Penobscot beaded moccasins, American Museum of Natural History.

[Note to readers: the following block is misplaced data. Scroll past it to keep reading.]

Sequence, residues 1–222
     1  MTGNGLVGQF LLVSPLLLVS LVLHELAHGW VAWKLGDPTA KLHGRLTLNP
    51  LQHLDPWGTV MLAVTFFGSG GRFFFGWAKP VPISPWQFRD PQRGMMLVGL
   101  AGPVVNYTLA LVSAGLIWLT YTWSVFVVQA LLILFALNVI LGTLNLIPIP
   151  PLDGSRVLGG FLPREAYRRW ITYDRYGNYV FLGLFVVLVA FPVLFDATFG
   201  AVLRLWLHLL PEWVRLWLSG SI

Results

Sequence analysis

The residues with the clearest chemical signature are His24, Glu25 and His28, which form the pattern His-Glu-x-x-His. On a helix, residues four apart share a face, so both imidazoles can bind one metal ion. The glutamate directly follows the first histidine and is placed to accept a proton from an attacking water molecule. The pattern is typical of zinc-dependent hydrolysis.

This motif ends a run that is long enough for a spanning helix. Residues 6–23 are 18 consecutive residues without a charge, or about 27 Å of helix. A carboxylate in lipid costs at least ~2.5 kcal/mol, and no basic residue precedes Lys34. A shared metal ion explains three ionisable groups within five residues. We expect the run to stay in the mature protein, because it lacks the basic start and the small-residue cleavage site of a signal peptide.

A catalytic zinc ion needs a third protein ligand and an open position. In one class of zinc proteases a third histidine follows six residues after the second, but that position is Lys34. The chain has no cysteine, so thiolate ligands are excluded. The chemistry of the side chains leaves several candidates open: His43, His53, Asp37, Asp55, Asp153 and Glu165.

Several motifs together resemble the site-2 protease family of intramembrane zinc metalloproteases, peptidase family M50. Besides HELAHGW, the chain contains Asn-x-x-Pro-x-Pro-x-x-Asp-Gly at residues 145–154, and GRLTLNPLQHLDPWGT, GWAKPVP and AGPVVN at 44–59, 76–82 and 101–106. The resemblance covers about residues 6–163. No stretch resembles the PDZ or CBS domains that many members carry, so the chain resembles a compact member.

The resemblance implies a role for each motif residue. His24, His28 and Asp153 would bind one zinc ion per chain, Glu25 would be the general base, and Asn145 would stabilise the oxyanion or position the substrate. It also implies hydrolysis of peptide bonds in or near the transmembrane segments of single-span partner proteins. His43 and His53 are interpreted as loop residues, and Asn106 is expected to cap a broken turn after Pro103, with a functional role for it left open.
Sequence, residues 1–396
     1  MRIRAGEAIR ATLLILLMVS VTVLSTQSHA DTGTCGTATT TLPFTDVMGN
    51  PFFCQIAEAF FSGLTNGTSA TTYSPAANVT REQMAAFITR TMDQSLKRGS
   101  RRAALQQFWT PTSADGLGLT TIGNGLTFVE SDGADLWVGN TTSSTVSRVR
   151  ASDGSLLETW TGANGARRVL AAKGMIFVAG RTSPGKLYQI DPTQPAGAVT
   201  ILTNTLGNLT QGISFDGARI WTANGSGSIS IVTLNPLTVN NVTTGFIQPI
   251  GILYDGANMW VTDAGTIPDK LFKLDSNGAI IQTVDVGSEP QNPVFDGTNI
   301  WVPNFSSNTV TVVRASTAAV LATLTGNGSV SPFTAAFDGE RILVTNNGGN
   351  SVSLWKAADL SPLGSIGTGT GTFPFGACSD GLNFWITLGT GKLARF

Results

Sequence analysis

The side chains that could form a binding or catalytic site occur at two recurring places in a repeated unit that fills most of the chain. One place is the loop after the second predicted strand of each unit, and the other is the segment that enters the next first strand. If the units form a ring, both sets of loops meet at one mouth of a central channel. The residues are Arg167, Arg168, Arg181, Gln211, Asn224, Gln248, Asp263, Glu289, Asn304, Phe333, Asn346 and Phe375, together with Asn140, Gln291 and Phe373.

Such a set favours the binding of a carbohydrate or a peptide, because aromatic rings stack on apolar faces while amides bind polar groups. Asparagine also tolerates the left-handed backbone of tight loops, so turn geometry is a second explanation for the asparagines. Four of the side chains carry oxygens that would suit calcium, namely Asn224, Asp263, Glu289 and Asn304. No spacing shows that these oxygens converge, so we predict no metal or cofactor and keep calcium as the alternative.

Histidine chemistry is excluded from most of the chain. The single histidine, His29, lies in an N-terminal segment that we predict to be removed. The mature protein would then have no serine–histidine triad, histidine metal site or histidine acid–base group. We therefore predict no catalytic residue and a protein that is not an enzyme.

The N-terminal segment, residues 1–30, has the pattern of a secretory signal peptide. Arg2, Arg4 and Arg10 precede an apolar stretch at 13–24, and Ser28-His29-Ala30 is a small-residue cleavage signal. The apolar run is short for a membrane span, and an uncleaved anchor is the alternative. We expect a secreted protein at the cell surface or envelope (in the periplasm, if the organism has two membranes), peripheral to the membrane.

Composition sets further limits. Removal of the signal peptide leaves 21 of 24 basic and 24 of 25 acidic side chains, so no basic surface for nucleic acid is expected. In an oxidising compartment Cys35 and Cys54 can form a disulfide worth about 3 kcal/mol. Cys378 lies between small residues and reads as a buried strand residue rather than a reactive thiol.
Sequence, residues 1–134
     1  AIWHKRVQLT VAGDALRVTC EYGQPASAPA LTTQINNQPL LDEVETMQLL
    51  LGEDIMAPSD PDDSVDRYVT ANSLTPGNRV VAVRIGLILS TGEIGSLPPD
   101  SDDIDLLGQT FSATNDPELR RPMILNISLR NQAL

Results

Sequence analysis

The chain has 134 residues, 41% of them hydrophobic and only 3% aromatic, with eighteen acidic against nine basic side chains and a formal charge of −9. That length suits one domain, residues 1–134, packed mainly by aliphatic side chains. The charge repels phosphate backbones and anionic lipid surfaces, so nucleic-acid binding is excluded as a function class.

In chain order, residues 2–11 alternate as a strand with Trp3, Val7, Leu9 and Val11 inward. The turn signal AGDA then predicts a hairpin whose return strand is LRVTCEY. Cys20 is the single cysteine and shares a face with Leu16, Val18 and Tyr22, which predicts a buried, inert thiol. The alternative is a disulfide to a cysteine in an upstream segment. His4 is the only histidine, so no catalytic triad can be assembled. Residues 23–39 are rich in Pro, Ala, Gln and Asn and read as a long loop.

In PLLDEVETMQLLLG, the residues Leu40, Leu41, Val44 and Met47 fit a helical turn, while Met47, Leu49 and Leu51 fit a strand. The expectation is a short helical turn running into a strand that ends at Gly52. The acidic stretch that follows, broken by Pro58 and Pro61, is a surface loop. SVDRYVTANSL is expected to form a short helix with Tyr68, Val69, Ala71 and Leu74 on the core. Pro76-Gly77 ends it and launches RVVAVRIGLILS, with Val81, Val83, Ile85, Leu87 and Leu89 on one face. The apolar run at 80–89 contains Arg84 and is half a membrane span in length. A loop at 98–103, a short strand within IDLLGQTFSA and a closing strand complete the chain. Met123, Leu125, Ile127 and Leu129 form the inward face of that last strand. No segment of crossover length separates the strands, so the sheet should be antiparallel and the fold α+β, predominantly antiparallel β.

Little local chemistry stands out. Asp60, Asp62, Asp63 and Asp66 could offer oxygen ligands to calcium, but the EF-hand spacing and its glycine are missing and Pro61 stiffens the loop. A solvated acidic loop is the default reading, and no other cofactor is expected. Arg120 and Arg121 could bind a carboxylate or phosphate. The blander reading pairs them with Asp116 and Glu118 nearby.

Contact with Europeans was not uncommon during the 16th century because the fur trade was lucrative and the Penobscot were willing to trade pelts for European goods such as metal axes, guns, and copper or iron cookware. Hunting for fur pelts reduced the game, however, and the European trade introduced alcohol to Penobscot communities for the first time. It has been argued that the people are genetically vulnerable to alcoholism, which Europeans frequently tried to exploit in dealings and trade. Penobscot people and other nations made pine beer, which in addition to being an alcoholic beverage had the additional benefit of allaying the onset of scurvy. When Europeans arrived they brought alcohol in quantity. It is possible that Europeans had slowly developed enzymes, metabolic processes, and social mechanisms for dealing with a normalized high intake of alcohol, where Penobscot people though familiar with alcohol had never had access to the gross quantity of alcohol that Europeans offered. The Europeans also brought new endemic diseases of Eurasia, to which the Penobscot had no acquired immunity. Their fatality rates from measles, smallpox and other diseases was high. The population also declined due to fighting between the Wabanaki Federation and the powerful Mohawk people of the Iroquois League, which struggled to control the fur trade. At the beginning of the 17th century, Europeans began to live year-round in Wabanaki territory. At this time, there were probably about 10,000 Penobscot (a number which fell to below 500 in the early 19th century)